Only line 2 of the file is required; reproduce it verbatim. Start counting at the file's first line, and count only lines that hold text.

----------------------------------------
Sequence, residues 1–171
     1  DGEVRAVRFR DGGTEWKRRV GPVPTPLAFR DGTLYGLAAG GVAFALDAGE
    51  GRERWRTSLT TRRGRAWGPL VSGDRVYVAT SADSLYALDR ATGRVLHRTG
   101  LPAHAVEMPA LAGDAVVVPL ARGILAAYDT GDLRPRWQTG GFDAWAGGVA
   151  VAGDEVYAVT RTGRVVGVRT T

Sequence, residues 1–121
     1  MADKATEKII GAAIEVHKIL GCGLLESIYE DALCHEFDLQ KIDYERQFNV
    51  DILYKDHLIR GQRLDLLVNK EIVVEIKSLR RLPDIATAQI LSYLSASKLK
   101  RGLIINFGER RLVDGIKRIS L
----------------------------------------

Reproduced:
     1  DGEVRAVRFR DGGTEWKRRV GPVPTPLAFR DGTLYGLAAG GVAFALDAGE